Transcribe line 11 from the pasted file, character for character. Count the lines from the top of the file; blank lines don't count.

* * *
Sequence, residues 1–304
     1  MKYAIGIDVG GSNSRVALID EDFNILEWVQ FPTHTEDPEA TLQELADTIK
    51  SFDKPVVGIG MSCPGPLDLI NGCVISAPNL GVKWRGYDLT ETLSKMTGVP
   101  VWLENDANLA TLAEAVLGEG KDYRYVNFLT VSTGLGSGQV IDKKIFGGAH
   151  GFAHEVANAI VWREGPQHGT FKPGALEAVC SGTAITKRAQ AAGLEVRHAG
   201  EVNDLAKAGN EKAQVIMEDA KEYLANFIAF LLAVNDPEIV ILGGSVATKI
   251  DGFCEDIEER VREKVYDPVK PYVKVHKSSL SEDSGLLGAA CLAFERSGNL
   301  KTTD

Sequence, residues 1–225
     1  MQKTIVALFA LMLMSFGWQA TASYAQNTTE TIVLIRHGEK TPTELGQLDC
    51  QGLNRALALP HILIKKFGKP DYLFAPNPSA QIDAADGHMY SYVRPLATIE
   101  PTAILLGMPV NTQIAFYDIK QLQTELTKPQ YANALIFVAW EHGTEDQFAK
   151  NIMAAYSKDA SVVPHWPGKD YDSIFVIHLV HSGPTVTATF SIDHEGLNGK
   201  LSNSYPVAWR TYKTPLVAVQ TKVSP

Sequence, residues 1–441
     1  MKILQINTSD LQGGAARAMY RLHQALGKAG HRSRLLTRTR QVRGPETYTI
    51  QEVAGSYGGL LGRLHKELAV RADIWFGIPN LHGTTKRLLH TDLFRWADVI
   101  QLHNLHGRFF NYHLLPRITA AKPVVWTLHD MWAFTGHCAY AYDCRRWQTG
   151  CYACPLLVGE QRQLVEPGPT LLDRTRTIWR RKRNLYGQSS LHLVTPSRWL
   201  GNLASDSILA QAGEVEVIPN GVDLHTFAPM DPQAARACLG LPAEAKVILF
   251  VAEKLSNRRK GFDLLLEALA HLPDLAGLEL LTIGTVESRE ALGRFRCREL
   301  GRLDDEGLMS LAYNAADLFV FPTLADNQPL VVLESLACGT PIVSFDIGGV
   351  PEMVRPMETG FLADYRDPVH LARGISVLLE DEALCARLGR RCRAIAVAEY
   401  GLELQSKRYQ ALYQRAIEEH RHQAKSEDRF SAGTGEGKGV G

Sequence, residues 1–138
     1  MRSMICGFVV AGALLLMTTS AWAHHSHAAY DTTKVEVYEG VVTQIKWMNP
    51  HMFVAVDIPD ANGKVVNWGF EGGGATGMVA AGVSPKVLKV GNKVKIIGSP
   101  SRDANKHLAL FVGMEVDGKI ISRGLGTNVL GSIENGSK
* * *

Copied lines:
    51  QGLNRALALP HILIKKFGKP DYLFAPNPSA QIDAADGHMY SYVRPLATIE